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Re: st: Estimating firm level data on regional level data using a within estimator.

From   John Antonakis <>
Subject   Re: st: Estimating firm level data on regional level data using a within estimator.
Date   Sun, 06 Jun 2010 14:17:35 +0200

Hi Natasha:

Actually, you can have your random-effects cake and eat it too with a fixed-effects cherry on the top. See:

Mundlak, Y. (1978). Pooling of Time-Series and Cross-Section Data. Econometrica, 46(1), 69-85.

That is, suppose that x is the region varying covariate that you wish to estimate.

Taking the cluster mean of x and including as a covariate in the regression then essentially includes the fixed-effect. This procedure is nicely explained here:

Rabe-Hesketh, S., & Skrondal, A. (2008). Multilevel and Longitudinal Modeling Using Stata. College Station, TX: Stata Press.

I have an in-press paper where we explain it too (if you e-mail me off-line, I will send it to you as well as to anyone else who'd like copy):

Antonakis, J., Bendahan, S., Jacquart, P., & Lalive, R. (in press). On making causal claims: A review and recommendations. The Leadership Quarterly, 21(6).

Not including the fixed-effect would be a very fatal flaw to make; this obsession in econometrics is a well founded one because if the assumptions of the random effects estimator are not met (with the random-effects being orthogonal to the regressors) then the estimator is not consistent. More fields are paying attention to this matter, including sociology, and applied psychology/management. For further discussion see the following as well:

Halaby, C. N. (2004). Panel models in sociological research: Theory into practice. Annual Review of Sociology, 30, 507-544.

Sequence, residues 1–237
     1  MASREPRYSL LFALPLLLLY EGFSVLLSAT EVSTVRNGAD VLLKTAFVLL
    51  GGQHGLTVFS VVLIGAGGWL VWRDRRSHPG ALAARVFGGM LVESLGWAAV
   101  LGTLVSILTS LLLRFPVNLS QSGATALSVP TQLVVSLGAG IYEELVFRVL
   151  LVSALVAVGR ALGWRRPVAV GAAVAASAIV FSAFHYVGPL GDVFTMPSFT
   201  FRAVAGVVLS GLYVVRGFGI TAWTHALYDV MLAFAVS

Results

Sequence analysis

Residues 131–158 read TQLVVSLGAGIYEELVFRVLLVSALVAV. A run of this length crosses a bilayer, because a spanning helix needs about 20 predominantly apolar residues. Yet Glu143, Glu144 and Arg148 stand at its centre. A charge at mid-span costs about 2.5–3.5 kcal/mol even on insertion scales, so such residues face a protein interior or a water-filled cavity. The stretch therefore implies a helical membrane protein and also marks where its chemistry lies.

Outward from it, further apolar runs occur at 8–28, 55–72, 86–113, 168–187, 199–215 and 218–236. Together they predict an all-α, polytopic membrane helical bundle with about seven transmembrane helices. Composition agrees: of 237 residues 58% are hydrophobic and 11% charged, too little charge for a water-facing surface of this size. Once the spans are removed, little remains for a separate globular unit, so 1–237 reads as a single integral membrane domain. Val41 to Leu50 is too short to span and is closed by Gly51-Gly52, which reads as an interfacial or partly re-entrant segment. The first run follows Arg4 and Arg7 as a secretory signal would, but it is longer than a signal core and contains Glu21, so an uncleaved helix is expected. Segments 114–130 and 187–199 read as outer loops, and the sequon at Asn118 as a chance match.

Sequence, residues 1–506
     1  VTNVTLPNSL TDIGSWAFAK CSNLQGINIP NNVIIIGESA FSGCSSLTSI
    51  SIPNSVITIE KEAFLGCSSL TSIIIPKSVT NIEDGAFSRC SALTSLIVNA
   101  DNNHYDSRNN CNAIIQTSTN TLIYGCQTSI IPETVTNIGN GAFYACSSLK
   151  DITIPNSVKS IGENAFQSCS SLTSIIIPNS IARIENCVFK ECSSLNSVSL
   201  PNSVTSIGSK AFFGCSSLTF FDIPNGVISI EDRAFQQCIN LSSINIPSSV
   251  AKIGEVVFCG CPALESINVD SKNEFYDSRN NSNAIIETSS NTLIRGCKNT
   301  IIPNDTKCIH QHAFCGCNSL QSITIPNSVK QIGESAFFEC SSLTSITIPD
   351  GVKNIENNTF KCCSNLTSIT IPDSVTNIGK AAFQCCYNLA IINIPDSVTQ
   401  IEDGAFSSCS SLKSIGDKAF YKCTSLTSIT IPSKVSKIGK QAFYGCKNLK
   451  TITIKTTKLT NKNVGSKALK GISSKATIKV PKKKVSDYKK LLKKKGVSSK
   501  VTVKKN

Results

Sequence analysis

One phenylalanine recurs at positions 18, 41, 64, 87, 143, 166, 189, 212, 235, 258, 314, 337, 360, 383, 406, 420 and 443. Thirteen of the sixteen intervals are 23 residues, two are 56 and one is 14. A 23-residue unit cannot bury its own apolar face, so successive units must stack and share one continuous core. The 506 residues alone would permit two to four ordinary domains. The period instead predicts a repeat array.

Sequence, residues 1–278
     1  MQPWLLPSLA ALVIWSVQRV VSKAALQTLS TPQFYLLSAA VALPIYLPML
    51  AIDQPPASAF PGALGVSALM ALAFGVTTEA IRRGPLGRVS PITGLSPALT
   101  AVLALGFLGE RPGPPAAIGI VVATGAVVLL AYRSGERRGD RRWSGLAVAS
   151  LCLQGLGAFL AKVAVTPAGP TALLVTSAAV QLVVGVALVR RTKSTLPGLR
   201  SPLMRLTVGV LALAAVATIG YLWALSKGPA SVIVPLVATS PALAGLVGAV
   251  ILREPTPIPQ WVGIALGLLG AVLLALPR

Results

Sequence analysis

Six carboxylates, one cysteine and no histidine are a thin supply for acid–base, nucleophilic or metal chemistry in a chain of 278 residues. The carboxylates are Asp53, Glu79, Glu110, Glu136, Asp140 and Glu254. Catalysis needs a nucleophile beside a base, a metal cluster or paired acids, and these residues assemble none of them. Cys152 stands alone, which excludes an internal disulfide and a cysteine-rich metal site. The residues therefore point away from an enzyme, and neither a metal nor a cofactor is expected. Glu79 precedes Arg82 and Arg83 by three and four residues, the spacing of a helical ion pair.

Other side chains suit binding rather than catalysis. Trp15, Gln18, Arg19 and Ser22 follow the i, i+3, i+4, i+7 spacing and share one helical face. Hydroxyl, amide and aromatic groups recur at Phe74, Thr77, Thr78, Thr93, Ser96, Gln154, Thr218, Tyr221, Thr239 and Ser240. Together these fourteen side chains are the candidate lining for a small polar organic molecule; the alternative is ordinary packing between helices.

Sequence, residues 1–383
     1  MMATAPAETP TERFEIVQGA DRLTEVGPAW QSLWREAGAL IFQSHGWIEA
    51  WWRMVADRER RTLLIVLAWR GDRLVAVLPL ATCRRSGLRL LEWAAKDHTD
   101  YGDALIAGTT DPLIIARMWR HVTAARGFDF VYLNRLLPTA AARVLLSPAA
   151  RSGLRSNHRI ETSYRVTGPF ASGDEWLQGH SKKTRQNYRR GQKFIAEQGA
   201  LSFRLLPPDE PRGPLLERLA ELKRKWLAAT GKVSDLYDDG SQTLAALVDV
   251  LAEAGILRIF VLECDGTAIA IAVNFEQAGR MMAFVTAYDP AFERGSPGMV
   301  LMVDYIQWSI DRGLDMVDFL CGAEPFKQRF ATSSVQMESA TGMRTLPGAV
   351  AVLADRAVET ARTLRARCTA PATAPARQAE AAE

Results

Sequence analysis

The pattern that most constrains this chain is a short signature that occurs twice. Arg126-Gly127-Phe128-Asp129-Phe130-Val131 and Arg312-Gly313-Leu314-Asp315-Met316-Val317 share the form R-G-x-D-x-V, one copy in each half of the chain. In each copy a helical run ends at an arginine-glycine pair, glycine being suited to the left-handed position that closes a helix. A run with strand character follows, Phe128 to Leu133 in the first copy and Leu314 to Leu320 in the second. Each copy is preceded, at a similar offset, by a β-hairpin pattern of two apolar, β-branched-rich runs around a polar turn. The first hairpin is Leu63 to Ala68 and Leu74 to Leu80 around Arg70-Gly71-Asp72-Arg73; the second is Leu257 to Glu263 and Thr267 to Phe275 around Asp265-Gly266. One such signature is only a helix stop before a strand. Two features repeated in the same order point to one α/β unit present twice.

Prof. John Antonakis, Associate Dean Faculty of Business and Economics
Department of Organizational Behavior
University of Lausanne
Internef #618
CH-1015 Lausanne-Dorigny

Tel ++41 (0)21 692-3438
Fax ++41 (0)21 692-3305

Faculty page:

Personal page:

On 06.06.2010 13:56, Maarten buis wrote:
--- On Sun, 6/6/10, natasha agarwal wrote:
I estimate it with a within estimator, i.e. ur fixed
effects. When I do so the minute I include all the time dummies, FDI goes insig but thats my main variable of
interest. The problem that I have found out is that FDI
is behaving like a time dummy because all the firms
within a region for each year will have the same value
of FDI.

The problem with macro quantities is that they are usually highly correlated with other macro quantities and time, so it is hard to disentangle the effects. Moreover, there are only so many observations possible on the macro level. These two together means that often you have very little statistical power to play with.
The advantage of fixed effects regression is that it provides a
strong reason for believing that you controlled for some of the unobserved and possible confounding variables on the the region level. However, the price you have to pay is that you loose a lot of power; i.e. you loose all the information from the comparison between regions. Since you don't have a lot to begin with, that is very bad news.

Random effects don't allow you to controll for unobserved confounding variables on the region level (the random effects are
assumed to be uncorrelated with the observed variables), but it
does allow you to also use the information from the comparison
between regions.

Then you have rather pragmatic discipline specific reasons: e.g.
within economics they tend to be so obsessed with fixed effects
regression, that you will have a hard time getting a random effects model published.

Hope this helps,

Maarten L. Buis
Institut fuer Soziologie
Universitaet Tuebingen
Wilhelmstrasse 36
72074 Tuebingen

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